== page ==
I don’t know about anyone else, but I have a hard time with the questions with ‘discern realities.’  In particular,…

I don’t know about anyone else, but I have a hard time with the questions with ‘discern realities.’  In particular,…

I don’t know about anyone else, but I have a hard time with the questions with ‘discern realities.’  In particular, my players avoid it because they don’t understand how to use the questions to ask what they want.  Has anyone found a way to explain the questions better? Or have some of you house ruled different questions in?  I’m all ears.

8 thoughts on “I don’t know about anyone else, but I have a hard time with the questions with ‘discern realities.’  In particular,…”

  1. The key to Discern Realities is its trigger:

    When you closely study a situation or person, roll+Wis.

    A character can’t Discern Realities just by having a quick look at a room, they’ve got to actively do something. That’s where your answers will come from; ask your players exactly what they’re doing and how they’re doing it, and the answers will come much easier.

  2. The questions are intentionally specific – it allows for advanced moves to expand on them, and the GM to interpret what the players are asking. It steers the fiction somewhat, but that’s not such a bad thing. I find it helps to ask how the characters are discerning – are they using their canny smarts, are they poking around, are they meditating and so on, this can then influence how you answer their questions, rooting them in the established fiction. 

    Also, sometimes disclaiming decision making and asking another player to answer the question can be quite liberating as a GM.

  3. As Nathan said! Also, here’s the difference in actually getting the player to become completely involved:

    Example 1:

    “I check out the cavern. Discern Realities. 11. What happened here recently? What is about to happen? What here is useful or valuable to me?”

    That’s really bloody difficult for a GM to answer well, as you’ve got to come up with a whole load of interesting things  on the spot. However, asking your players for more detail will make it much, much easier, be more fun and get people more involved! Same situation as above:


    “I check out the cave.”

    “Alright Karak, you’re wandering ahead of the party to look at the dusty, arid cavern. What exactly are you looking for, and how are you doing it?”

    “Scuff marks! I didn’t survive five years in the goblin-wilderness just to get dragged off by spider-hags. If I can’t find any of those, I’ll put my ear to the walls and listen for vibrations in the rock”

    Getting the player more involved makes the GM’s job much easier! Don’t be afraid to ask them what they think either.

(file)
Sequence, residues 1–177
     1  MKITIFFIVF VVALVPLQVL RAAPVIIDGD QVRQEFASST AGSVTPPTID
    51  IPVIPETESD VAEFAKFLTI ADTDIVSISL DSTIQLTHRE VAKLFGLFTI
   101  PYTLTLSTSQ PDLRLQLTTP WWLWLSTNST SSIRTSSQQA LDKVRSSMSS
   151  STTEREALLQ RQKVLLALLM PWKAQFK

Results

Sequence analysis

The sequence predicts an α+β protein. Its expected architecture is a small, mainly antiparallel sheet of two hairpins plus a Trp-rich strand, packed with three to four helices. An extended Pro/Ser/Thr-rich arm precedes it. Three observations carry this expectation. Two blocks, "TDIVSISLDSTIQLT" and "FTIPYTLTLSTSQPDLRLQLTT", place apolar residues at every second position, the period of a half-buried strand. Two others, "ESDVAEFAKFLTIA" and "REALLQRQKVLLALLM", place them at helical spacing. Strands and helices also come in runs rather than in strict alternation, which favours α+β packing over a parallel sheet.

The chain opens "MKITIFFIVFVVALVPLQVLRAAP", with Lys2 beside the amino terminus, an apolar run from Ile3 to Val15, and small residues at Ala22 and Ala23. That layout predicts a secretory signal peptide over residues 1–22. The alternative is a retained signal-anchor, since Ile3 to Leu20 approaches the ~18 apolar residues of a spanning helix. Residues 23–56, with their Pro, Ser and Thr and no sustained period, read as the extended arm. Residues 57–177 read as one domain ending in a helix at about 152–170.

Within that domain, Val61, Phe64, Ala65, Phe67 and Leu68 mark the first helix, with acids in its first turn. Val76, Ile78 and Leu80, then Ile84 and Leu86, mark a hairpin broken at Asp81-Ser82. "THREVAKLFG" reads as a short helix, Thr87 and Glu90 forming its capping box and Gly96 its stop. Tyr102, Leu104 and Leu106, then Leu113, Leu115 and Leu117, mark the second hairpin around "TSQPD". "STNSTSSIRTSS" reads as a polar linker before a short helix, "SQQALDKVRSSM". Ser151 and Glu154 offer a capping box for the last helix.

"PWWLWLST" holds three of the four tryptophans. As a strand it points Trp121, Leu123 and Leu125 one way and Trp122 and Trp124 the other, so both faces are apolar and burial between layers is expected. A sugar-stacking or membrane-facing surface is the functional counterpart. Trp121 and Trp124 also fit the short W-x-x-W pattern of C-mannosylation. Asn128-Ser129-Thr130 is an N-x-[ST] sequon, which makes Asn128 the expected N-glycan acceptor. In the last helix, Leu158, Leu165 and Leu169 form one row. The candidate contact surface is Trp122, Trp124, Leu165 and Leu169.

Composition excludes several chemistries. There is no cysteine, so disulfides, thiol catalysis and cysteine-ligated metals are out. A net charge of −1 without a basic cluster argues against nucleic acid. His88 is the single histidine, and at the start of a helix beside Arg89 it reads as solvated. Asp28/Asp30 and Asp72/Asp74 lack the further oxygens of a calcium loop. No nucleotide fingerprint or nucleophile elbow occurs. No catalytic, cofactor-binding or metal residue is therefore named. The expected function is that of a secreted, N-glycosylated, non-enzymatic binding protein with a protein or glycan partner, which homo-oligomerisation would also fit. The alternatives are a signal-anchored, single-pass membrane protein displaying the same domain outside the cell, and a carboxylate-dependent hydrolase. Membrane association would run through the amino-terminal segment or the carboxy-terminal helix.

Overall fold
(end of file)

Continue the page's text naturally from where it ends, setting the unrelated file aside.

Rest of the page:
4. I guess my big problem is my players don’t know really how to use it yet, they’ll balk and do something else besides roll discern realities.  How did you get your players comfortable with rolling the move?

  5. Hint at lots of stuff! Fill your descriptions of locations with things like corpses filled with poison blow-darts, or strange indentations in the pillars, or a crumbly-looking wall. Once they start asking more about the environment, you can ask them how their characters are exploring, and the move should flow from there.

    If their characters aren’t paying attention to the environment when you give cool descriptions, that’s a Golden Opportunity right there!

  6. Charles, sounds like you are more comfortable with the move?

    Just remember that the players don’t have to get comfortable rolling the move (or any move for that matter), they just describe what they do remember? If they hit the trigger then they roll.  You primarily call that moment as GM, but the other players can provide input too.

    As James says, deepen  and enrich the roleplaying conversation  with lots of provocative questions.

  7. Carl Gerriets well, here’s some things I’ve given to my players for that question:

    “You pick up faint breathing from the other side of the door, and that distinctive bad breath of orcs. There’s definitely guards on the other side of the door, make too much noise and they’ll probably storm in. What do you do?”

    “When you look more closely, the bodies themselves aren’t nearly as old as the rusted armor would make you think. So there’s probably a rust monster around, I’d be on the lookout for that.”

    Both of those are pretty valuable: they lead to immediate changes on player character behavior to avoid potential bad stuff.

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